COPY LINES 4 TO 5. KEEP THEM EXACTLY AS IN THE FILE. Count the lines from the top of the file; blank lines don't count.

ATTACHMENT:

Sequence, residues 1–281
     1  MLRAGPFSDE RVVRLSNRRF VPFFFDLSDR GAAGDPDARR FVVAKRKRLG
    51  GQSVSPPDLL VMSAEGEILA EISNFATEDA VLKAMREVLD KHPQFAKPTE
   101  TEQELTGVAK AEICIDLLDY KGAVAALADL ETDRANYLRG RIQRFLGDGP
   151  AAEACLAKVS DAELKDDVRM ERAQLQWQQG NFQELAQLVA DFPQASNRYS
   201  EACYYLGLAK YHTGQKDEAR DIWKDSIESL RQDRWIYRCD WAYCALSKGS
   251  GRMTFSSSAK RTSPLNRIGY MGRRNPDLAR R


   101  TEQELTGVAK AEICIDLLDY KGAVAALADL ETDRANYLRG RIQRFLGDGP
   151  AAEACLAKVS DAELKDDVRM ERAQLQWQQG NFQELAQLVA DFPQASNRYS